Cape Town - Proteas Women’s superstar Laura Wolvaardt has no ambitions just yet to captain the national team, although she admits she will be open to leadership positions in the future.
The Proteas have been hit by a string of high-profile retirements over the past 12 months, including former captains Dane van Niekerk and Mignon du Preez.
Fellow senior players Shabnim Ismail and Trisha Chetty have also called time on their international careers, which has left the Proteas with a vacuum of experience.
All-rounder Sune Luus took over the leadership reins from Van Niekerk - initially on a temporary basis - before being installed permanently until the the conclusion of the T20 World Cup in South Africa earlier this year.
Luus made history by becoming the first senior Proteas captain - male or female - to lead her team to a World Cup final. It was a prestigious achievement as the Proteas had to overcome numerous obstacles, with Luus shielding her team from the media pressure after the dropping of Van Niekerk due her failure to meet required fitness standards.
Unfortunately, Luus’ personal contribution with bat and ball was minimal during the T20 World Cup.
Equally, Luus endured a horrid tour of England last year where she averaged just 6.66 in the three one-day internationals.
Cricket SA director of cricket Enoch Nkwe was also non-committal after the T20 World Cup whether Luus would continue her captaincy role for the foreseeable future.
Due to the exodus of senior players recently, there are precious few natural leaders remaining in the national women’s team, particularly with star all-rounder Marizanne Kapp’s international future also approaching its sunset.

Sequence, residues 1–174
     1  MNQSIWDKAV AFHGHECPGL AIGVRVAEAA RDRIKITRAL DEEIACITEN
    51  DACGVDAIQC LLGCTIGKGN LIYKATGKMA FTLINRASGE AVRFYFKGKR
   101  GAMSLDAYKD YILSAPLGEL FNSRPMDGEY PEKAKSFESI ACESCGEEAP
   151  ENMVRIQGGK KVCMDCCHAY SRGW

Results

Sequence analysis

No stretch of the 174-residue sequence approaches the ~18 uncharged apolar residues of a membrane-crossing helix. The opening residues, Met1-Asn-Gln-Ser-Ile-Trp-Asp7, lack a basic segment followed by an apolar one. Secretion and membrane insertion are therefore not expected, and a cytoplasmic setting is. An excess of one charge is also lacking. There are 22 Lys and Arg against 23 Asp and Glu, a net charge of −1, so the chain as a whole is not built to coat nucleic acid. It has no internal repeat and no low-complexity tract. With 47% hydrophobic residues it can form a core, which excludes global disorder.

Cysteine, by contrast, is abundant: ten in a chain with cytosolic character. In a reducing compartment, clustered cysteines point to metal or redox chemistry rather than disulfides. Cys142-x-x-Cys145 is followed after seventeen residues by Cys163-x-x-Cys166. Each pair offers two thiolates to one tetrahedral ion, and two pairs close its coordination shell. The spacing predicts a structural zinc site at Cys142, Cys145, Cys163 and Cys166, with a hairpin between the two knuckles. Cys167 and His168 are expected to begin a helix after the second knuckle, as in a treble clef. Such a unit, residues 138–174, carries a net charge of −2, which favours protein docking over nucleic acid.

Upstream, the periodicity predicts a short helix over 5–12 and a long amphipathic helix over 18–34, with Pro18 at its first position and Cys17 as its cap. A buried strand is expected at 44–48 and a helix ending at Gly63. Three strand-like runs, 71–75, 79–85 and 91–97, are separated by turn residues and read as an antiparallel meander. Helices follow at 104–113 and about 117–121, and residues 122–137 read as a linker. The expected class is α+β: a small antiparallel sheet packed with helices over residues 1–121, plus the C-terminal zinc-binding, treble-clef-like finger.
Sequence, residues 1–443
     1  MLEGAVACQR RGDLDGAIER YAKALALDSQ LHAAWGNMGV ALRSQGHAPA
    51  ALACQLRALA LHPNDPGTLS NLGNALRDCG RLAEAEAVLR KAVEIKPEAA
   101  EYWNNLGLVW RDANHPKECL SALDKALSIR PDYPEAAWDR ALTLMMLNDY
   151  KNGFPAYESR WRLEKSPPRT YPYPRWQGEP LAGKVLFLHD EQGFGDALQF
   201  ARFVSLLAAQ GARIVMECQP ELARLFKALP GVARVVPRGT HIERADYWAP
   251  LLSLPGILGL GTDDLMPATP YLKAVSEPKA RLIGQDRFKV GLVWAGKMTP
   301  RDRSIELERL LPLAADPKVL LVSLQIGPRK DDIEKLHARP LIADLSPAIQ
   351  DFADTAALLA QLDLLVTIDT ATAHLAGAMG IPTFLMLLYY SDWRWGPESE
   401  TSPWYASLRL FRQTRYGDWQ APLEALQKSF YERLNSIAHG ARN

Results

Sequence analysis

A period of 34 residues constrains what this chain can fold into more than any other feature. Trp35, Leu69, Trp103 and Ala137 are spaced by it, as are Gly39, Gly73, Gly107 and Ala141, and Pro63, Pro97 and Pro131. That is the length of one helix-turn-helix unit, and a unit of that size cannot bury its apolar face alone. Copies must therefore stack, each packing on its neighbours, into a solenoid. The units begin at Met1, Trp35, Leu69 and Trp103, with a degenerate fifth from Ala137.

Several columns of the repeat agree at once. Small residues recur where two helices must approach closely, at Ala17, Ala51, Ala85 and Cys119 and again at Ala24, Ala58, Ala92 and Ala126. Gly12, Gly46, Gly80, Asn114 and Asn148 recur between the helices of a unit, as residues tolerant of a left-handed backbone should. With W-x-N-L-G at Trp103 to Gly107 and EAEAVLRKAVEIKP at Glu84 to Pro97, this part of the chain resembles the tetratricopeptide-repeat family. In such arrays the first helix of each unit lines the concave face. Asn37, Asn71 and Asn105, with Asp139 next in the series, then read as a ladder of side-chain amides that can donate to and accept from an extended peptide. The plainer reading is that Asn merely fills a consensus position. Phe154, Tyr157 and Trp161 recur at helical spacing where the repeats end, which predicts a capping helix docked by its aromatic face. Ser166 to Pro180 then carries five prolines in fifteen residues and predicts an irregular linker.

That leaves Wolvaardt, who is in the prime of her career at 24-years-old. She already has seven years of international experience, having debuted in 2016 as a teenager, and is also a regular in all global T20 franchise leagues where she shares dressing-rooms with the leading players in the world.
However, most importantly, her consistent performances ensures she is arguably the first name on the Proteas team sheet every game.
Wolvaardt has already shown that she can deal with the extra pressure as she has captained the Proteas before, when in the absence of the injured Luus, she led the Proteas to two historic victories on the 2021 tour of India. She struck a half-century in the second game.
The stylish top-order batter is a fiercely determined individual and model professional, which could potentially revolutionise the manner in which the Proteas team approach their fitness and conditioning in particular.
The Proteas have a bumper tour to Australia early next year, and it could possibly be the start of a new era under Wolvaardt’s leadership.
She is, however, not willing to throw her name in the hat just yet, but would be open to discussions in future.
“(Leadership) That’s not something I really thought about too much about growing up. I didn’t really feel like I knew enough about the game to be telling people what they should or should not be doing with theirs,” Wolvaardt said.
“Maybe it is something I will start looking at though as I become more a senior player within the team.
“I don’t think it is something I will do in the next couple of years because we have plenty of senior players in our squad at the moment.
“But it is something I would enjoy later on in my career.”